European Bodies Held Accountable for Privacy Violations
January 28, 2022
The European Data Protection Supervisor (EDPS) has found two European bodies, the European Parliament and Europol, to be in violation of European privacy regulations.
The European Parliament received sanctions for multiple violations stemming from a COVID-19 test booking website which the European Parliament launched using a third party. Six members of the European Parliament filed complaints about the site, alleging improper use of third-party trackers, confusing cookie consent banners, improper data transfer practices, and problems with transparency and data access, including lack of timely response to individual requests for data access. EDPS sanctioned the European Parliament and ordered that all outstanding problems be rectified within the month.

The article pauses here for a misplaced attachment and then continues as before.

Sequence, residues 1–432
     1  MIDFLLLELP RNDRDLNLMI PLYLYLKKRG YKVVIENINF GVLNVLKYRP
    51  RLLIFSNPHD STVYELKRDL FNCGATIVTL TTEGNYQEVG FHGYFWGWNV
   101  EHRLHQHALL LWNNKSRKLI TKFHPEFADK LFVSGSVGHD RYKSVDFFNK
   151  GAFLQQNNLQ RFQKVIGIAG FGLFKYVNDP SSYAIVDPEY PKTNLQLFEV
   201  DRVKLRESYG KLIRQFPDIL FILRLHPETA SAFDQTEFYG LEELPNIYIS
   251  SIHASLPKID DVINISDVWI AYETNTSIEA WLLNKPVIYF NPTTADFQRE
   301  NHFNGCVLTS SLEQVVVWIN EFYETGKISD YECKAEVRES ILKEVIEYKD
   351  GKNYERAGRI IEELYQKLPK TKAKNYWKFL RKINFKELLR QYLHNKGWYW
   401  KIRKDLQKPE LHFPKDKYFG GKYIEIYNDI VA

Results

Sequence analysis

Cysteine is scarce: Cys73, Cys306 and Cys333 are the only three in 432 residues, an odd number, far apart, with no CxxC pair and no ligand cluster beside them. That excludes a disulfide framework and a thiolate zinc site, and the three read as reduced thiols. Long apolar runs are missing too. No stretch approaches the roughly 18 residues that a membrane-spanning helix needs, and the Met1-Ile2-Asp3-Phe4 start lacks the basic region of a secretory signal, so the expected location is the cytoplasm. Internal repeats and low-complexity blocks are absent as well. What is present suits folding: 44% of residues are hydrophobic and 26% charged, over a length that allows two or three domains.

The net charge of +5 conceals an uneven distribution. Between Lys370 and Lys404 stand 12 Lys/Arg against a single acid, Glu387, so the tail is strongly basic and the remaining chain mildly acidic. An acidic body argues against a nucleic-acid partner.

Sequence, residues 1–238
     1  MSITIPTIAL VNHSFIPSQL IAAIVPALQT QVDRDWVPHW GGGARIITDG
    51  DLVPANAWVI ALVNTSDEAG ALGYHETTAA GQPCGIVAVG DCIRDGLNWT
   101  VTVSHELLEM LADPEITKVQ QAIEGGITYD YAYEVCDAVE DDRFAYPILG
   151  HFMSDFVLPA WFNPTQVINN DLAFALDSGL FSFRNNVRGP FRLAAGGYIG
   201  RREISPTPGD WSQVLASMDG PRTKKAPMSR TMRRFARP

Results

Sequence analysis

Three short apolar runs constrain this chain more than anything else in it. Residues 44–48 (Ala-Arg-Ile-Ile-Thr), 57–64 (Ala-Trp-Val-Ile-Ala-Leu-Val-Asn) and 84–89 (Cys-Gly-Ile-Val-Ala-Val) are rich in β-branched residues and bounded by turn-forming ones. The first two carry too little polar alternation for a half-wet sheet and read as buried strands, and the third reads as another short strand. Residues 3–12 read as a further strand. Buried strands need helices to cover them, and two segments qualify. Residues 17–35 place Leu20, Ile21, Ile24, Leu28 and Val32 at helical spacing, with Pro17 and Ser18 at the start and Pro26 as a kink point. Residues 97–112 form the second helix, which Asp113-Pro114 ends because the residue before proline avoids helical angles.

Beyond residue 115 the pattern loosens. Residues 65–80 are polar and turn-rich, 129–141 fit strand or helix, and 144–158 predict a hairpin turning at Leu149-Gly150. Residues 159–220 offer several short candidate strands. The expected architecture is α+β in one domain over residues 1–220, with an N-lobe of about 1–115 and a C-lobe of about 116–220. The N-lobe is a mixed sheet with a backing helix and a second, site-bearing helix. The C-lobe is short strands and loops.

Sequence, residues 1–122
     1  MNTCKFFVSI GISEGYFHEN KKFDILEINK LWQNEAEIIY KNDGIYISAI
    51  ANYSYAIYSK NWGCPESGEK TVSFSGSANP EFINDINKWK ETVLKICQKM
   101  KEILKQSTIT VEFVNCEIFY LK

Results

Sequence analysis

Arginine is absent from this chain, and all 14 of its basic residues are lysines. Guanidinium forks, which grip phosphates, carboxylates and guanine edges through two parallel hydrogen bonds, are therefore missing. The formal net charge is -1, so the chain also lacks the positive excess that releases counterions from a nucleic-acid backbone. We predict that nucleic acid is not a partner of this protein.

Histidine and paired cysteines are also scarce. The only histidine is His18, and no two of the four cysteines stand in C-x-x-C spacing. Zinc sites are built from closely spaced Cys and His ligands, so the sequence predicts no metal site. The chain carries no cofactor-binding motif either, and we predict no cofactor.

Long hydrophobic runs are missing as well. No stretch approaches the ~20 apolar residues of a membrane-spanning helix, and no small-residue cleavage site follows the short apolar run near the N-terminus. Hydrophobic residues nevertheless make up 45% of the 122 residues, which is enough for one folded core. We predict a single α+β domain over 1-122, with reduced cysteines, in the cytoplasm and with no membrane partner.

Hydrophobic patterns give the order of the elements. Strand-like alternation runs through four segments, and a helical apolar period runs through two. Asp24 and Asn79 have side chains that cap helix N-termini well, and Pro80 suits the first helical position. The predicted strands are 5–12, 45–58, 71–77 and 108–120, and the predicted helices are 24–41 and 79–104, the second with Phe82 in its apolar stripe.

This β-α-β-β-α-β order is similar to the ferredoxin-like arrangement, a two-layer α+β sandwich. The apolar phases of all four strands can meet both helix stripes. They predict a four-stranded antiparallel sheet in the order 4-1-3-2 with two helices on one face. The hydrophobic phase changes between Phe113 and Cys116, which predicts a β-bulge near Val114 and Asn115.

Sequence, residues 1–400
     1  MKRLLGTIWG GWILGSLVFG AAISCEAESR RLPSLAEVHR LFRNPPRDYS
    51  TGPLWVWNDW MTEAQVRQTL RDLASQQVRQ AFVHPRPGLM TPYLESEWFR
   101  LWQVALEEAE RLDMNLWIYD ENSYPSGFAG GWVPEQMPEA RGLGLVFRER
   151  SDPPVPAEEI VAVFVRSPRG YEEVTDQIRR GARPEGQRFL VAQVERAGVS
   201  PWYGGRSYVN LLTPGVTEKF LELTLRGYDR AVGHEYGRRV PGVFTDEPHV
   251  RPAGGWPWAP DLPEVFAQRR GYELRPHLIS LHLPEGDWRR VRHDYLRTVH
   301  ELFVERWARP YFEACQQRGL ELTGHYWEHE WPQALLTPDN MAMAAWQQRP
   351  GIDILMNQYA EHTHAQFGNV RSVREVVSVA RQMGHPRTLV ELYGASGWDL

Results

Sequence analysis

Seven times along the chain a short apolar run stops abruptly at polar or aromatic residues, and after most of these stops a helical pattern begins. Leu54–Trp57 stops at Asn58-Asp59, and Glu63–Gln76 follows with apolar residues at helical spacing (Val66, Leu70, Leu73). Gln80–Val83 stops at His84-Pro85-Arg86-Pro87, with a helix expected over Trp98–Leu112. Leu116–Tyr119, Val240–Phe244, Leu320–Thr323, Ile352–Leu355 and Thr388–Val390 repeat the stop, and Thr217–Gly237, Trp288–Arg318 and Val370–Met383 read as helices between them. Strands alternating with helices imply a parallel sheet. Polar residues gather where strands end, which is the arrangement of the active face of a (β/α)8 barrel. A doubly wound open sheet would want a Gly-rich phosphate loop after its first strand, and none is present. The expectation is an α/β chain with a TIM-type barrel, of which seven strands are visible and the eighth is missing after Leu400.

Europol has been ordered to delete much of its vast trove of personal data after failing to set appropriate data retention periods or filter personal data appropriately, in violation of data minimization and retention principles. Europol holds at least 4 petabytes – equivalent to about a fifth of the U.S. Library of Congress’s entire contents – of personal data amassed from crime reports, asylum seekers, and hacked encrypted phone services, among other sources. Much of this data has been mass-collected and is not linked to any specific criminal activity The EDPS order imposes a 6 month retention period on data and orders Europol to delete all data it holds older than 6 months that has not been affirmatively linked to criminal activity.
These enforcement actions demonstrate a clear goal of consistent standards and enforcement of privacy protections, without exception for high-level organizations. EPIC has long advocated for clear and consistent data subject right protections and for holding government bodies accountable for privacy practices.